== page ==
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Karen Engelmann: LibraryThing Author Interview

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Karen Engelmann worked as a illustrator, graphic designer, and book designer for many years before turning to writing, which she calls her "full-blown passion." Her debut novel, The Stockholm Octavo, is being published this month by Ecco.

How did you come up with the idea for the Octavo? Is it based on any historical forms of cartomancy?

Finding the Octavo literally took years, although the notion of the eight took hold early in the process: I wanted eight characters. Perhaps this came out of the 8s in my life: born on the 8th, I was one of eight children, and have carried a brass key ring stamped with a large 8 since college. As a graphic designer, I found 8 a beautiful form. In the course of my research I found a book, The Fan, by Octave Uzanne. Octave's book inspired the character and surname of my villain, and his given name got me thinking further about the number 8: music (octaves), paper and books (octavos) and geometry (octagons.) The octagonal form inspired the notion of my eight characters surrounding the protagonist. I wrote the entire first draft of the novel with my narrator, Emil Larsson and his cohort, the fortuneteller Mrs. Sofia Sparrow, literally trying to figure the Octavo out. They discovered the philosophy and octagonal diagrams that are still in the book, but the Octavo felt incomplete. An early reader asked: "It's cool, but how do you do it?" Neither Emil, Mrs. Sparrow, nor I could answer. During the first round of revisions, I did more research on playing cards and discovered that the late 18th century was the official birth of cartomancy—the first book on the subject was published in 1770 by Etteilla, and the Tarot came into being around 1781. Since Mrs. Sparrow was already a card player and fortuneteller, cards would serve as a perfect tool and the Jost Amman deck, which is a fabulous catalogue of human types, seemed made for Mrs. Sparrow's philosophy. I did a lot of reading about cartomancy, tarot in particular, but invented the Octavo to fit the needs of the novel.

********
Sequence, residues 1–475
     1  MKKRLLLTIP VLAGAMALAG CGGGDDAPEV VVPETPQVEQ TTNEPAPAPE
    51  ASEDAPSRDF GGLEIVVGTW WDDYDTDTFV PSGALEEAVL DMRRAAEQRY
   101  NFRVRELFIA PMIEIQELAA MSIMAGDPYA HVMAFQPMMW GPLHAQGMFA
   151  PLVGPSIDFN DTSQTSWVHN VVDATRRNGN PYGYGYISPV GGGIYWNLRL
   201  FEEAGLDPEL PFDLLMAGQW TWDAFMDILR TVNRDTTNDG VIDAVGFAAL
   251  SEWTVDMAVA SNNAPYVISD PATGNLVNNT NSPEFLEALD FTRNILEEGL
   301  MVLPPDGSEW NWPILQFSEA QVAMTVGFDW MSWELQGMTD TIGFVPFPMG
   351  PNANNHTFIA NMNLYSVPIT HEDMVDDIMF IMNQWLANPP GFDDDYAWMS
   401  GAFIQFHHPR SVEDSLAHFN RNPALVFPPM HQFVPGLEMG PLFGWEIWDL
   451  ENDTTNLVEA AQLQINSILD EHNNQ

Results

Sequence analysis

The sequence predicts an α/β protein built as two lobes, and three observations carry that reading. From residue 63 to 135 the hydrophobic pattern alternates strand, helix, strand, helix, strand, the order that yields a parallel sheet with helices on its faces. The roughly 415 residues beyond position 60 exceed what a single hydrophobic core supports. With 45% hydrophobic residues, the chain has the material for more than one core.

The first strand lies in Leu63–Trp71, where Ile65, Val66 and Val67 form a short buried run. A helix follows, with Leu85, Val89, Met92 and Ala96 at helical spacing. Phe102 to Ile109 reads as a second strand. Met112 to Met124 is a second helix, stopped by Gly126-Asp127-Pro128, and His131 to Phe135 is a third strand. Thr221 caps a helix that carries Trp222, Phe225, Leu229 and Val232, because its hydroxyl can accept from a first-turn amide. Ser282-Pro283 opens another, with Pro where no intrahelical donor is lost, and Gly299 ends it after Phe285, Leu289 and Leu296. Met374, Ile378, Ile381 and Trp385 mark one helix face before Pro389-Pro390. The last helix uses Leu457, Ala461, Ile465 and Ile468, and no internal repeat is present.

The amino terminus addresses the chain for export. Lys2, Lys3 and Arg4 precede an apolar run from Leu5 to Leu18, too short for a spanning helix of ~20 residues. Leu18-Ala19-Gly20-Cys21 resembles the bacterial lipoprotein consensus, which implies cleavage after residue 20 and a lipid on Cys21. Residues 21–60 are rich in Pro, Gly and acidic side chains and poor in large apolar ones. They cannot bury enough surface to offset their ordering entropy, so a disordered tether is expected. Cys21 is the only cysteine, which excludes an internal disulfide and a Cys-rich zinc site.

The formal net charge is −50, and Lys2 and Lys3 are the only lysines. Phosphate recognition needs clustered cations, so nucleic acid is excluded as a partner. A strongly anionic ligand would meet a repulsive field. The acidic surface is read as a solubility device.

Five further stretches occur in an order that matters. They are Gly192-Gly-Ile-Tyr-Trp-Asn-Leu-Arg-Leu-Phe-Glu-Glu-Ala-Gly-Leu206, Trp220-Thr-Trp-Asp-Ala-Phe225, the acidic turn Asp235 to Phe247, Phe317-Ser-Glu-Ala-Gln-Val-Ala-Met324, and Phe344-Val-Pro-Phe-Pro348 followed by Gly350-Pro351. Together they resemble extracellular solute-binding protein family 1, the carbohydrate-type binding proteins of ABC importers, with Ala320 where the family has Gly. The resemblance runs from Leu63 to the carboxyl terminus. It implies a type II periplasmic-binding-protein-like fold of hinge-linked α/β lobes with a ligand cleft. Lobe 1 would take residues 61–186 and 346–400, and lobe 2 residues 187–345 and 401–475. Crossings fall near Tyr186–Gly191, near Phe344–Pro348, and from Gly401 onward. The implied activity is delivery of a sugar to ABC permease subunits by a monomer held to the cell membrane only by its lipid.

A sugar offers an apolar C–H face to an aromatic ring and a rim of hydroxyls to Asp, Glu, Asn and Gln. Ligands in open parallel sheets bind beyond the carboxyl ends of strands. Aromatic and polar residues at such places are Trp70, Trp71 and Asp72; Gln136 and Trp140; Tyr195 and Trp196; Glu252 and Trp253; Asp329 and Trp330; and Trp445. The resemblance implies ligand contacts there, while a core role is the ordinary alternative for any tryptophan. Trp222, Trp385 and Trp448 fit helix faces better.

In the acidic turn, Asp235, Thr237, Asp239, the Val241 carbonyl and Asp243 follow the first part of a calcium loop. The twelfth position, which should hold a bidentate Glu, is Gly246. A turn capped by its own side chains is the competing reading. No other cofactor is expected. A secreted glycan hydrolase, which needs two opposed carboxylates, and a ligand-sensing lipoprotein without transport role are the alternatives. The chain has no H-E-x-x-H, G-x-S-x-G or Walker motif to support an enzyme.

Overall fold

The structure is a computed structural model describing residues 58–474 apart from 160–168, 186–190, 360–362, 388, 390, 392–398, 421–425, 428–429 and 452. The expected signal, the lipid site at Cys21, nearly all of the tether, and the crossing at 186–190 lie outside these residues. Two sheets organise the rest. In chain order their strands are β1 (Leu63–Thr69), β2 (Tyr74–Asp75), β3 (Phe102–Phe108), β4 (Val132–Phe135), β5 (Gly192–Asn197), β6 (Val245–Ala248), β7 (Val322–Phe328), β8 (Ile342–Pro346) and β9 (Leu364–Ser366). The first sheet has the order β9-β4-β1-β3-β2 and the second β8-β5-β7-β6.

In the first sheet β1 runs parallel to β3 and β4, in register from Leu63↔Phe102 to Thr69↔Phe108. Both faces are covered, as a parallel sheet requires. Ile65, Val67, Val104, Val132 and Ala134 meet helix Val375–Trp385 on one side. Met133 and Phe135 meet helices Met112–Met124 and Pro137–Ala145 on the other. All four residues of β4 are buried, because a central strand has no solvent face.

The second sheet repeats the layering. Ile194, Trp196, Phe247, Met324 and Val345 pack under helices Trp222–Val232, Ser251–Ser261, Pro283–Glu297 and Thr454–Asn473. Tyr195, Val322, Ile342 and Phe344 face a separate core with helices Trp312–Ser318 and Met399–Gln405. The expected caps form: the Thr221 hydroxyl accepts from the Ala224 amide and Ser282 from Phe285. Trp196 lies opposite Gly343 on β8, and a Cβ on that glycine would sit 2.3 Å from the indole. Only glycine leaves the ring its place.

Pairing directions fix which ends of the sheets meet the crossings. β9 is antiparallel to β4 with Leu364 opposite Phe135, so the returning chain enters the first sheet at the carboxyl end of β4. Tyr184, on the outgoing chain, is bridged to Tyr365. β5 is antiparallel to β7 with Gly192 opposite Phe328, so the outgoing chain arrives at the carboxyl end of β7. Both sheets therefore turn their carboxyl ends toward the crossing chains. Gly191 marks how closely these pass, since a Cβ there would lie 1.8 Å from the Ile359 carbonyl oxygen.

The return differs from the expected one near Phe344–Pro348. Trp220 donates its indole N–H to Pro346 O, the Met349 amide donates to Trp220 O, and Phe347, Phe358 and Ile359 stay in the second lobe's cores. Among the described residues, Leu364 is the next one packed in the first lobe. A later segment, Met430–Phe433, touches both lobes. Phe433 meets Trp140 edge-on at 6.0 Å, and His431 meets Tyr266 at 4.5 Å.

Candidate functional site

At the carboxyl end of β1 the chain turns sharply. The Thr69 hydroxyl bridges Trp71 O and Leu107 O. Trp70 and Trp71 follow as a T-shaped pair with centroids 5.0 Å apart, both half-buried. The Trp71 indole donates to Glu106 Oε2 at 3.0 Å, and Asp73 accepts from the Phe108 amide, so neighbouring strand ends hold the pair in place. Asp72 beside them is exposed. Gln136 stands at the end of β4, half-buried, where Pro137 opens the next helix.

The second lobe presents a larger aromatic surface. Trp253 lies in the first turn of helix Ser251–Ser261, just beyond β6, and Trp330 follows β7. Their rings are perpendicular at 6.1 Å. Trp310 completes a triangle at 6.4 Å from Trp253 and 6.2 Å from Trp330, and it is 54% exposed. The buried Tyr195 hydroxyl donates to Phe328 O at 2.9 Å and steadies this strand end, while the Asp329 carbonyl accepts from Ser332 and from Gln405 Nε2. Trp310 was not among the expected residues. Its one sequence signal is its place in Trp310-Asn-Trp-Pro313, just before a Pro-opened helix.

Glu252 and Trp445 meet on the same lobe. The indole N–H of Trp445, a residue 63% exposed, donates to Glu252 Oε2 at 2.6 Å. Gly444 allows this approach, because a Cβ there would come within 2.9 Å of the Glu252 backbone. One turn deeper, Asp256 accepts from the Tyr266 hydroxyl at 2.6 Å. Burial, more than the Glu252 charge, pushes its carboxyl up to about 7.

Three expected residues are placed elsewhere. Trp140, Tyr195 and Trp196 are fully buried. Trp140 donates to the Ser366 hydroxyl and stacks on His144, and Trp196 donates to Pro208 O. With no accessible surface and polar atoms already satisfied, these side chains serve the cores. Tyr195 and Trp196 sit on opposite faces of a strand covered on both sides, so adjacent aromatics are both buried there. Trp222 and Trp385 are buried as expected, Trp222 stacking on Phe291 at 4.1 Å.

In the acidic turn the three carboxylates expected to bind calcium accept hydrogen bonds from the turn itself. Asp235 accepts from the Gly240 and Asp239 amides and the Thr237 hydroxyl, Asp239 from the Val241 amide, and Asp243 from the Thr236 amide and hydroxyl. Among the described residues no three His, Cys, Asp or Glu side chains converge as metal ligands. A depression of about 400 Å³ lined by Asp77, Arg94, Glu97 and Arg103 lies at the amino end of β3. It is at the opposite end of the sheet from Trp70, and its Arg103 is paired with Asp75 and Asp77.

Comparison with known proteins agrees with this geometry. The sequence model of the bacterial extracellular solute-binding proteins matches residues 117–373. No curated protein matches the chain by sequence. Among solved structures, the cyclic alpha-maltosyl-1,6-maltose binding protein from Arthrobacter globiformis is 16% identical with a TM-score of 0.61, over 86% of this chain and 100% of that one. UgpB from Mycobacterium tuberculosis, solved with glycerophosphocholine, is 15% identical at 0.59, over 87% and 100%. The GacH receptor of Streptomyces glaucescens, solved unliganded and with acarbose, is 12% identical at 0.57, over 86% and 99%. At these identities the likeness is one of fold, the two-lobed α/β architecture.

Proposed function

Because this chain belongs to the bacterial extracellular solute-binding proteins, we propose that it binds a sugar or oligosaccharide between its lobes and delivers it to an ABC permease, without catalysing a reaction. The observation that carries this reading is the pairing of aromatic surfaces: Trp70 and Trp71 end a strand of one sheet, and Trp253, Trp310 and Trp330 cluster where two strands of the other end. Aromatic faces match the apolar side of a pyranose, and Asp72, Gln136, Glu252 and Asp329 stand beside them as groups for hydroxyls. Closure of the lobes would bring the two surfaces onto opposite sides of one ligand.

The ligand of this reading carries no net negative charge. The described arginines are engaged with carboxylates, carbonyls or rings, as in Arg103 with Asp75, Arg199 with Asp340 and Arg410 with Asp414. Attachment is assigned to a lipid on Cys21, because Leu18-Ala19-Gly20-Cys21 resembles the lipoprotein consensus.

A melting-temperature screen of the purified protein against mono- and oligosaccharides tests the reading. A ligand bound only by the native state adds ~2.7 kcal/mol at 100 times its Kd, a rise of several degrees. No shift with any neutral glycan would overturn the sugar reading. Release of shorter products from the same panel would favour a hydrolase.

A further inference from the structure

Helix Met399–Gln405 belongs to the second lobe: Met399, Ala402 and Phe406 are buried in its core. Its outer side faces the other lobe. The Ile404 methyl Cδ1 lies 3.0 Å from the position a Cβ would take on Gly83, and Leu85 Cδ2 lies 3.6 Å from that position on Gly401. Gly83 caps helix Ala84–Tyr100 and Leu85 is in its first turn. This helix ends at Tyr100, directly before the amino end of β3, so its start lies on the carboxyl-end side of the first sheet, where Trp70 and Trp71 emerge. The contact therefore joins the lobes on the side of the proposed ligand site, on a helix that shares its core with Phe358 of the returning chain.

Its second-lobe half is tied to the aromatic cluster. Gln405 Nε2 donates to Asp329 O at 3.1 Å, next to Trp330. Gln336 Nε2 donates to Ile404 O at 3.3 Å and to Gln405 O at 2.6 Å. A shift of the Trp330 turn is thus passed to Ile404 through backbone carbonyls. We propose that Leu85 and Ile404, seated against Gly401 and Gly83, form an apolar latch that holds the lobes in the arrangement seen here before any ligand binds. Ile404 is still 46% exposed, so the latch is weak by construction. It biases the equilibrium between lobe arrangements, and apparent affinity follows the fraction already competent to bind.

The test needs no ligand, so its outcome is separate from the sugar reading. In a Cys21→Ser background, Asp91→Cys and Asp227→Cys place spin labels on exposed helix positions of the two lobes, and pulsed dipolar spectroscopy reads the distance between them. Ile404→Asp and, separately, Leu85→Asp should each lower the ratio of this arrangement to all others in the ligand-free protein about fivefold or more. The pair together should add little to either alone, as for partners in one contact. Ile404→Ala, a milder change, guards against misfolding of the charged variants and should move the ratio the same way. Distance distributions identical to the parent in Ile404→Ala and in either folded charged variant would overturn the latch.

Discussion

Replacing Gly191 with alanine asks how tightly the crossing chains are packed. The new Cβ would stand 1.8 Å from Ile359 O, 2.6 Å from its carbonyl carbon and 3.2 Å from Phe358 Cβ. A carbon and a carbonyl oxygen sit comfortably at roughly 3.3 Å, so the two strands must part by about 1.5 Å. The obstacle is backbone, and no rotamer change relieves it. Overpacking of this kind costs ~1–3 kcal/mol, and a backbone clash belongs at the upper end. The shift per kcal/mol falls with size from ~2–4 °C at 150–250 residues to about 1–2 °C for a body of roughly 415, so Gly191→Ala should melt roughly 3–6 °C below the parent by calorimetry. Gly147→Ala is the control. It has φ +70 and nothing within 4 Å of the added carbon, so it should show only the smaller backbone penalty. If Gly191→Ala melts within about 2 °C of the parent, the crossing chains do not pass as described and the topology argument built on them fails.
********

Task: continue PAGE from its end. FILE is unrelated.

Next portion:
Folding fans and the "language of fans" play a key role in the plot. Is this a particular passion of yours? Of all the fans you describe so vividly in the story, do you have a favorite?

My mother gets the credit for inspiring the folding fans. She had a modest collection, but they were magical to me, especially as a child. Much later, I visited an exhibition of rare fans in a museum in Sweden, and was taken by their beauty, mystery and opulence. When I decided to write a novel set in late 18th-century Europe that had female characters in central roles, I knew folding fans would play an important part. Women used every available means at their disposal to survive in the man's world of the period, and the use of folding fans as a means of communication was an aspect too delicious to ignore. Of the fans in the book, I would want to possess the Chinese Princess, the fan that Mrs. Sparrow throws on the table as a bet in the card game against The Uzanne. The Princess is a child's fan made of pierced ivory, so she is small and sturdy enough to carry around in my purse, and has a red silk tassel for some added pizzazz.

Stockholm itself, The Town, almost feels like a character in the novel. What was the Stockholm of the 1790s like, and what made it the perfect setting for your story?

The Town was, and remains, infused with the spirit of Sweden's most fascinating and controversial ruler, Gustav III. Stockholm was at its height during his reign (1772-1792) — a capital city of what had once been a great power, enlivened by the vision and personality of a king that Voltaire called an "enlightened monarch." The arts flourished, intellectual pursuits were encouraged, and there was a lively exchange of ideas with the rest of the world. Since the novel had Gustav's assassination as a central thread, there was no other location that would serve. On a more personal note: Stockholm was the first European city I ever visited, and it made an impression comparable to first love. I could not resist going back, at least in my imagination.